Response

-On Governments and Liberty: Basic government protections are necessary for the codification of individual civil liberties. There is a massive difference between individual civil liberties and group privileges. Additionally, equality of opportunity is foundational to classical liberalism. Equality of outcome is not, Indeed, government action to promote certain social outcomes tends to either fail or result in serious negative consequences for society. In Sweden, political action to promote greater diversity of the sexes in the workplace has had very limited effects. A major reason why is that such political motives rarely take into account different decisions men and women make. Additionally, people in free societies are generally paid for the value they bring to the market. Discrimination does obviously still exist however the best path for combating it is to promote equality of opportunity (see the work of feminists Camille Paglia and Christina Hoff Sommers). An extreme example of government intervention to engineer certain social outcomes would be Venezuela (or Cambodia under the Marxist Khmer Rouge).[1] In short, government action is beneficial in creating a space in which individuals are able to experience the maximum degree of freedom with the fewest possible constraints and abusive when passing legislation to engineer certain outcomes including granting privileges to certain groups. With respect to C-16, there is no ‘transgender community’ but only transgender individuals. From a legal perspective, there is a major difference between the two.

-On C-16 and pronouns: If someone who wants to be called ‘zhe’ encounters someone who refuses to use that pronoun, would this be considered discrimination on the basis of gender identity or expression? If so, could it legally result in a fine? If the person is fined and refuses to pay, could that person end up in jail? I am concerned with legal realities. The above situation is one Jordan Peterson mentioned on The Agenda with Steve Paikin. On C-16, the criminal code amendment specifically -subparagraph 718.2(a)(i) states: “evidence that the offence was motivated by bias, prejudice or hate based on race, national or ethnic origin, language, colour, religion, sex, age, mental or physical disability, sexual orientation, or gender identity or expression, or on any other similar factor.”[2] That the bill does not explicitly state that people will be mandated to use certain language is clear. However, the wording of the bill is vague enough that someone could conceivably face legal consequences for not using a person’s preferred pronouns as that could constitute discrimination based on gender identity or gender expression. Therefore, the conclusion you reach in response to concerns about C-16 and pronouns is, at best, quite misleading.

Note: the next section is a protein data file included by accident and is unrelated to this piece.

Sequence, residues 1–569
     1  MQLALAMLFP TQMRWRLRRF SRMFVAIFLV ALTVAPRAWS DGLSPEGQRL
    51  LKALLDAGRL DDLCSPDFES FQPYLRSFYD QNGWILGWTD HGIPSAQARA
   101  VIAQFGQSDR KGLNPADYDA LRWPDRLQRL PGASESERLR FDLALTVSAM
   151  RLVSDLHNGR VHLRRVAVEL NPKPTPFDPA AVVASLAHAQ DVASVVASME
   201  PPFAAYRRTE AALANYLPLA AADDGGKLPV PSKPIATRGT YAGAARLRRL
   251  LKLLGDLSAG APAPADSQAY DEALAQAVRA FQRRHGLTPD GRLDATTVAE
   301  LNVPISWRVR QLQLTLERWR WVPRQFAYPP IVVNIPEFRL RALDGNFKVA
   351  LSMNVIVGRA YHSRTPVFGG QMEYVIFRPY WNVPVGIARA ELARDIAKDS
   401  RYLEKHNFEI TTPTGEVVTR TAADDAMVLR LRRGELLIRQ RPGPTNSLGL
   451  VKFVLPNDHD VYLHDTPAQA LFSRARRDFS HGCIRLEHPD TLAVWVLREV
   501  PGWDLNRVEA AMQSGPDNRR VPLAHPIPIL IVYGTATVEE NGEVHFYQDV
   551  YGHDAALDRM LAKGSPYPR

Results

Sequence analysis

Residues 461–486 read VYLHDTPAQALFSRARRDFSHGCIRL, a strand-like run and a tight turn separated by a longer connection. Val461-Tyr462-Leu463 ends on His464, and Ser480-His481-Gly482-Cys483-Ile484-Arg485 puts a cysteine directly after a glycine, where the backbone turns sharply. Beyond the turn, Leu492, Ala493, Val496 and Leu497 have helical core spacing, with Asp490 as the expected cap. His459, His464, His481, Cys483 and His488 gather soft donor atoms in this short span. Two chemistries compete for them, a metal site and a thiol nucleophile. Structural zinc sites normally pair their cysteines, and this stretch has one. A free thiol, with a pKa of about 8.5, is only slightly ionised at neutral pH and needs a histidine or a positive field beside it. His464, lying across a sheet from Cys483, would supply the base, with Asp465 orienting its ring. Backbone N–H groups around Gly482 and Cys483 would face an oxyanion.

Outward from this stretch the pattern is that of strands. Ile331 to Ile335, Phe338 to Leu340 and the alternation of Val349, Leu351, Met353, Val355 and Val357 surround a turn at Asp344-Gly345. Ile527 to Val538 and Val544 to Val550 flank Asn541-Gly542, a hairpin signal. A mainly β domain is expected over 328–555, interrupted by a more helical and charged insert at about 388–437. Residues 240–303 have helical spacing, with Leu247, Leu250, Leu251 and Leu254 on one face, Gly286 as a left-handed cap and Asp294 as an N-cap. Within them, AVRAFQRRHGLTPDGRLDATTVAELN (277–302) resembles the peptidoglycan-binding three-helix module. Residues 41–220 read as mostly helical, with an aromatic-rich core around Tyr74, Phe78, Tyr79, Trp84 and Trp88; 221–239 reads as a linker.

-On top-down vs. bottom-up approaches: I think we will have to agree to strongly disagree on this one. The ability for the government to ‘speed along’ civil rights is questionable at best. In the push for marriage equality, for example, they did little more than dot the ‘i’s. Promoting equal rights for individuals is the result of dialectic. The entire history of the English Common Law tradition (upon which both the Canadian and American legal systems are based) is one of the gradual expansion of individual civil liberties, promotion of equality of opportunity, expansion of freedom of speech, and secular government in response to the increasing presence of greater numbers of people in national dialectics.

-On non-standard pronouns: I think it does a grave disservice to transgender individuals to conflate their desires for greater acceptance with the theoretical use of non-standard pronouns.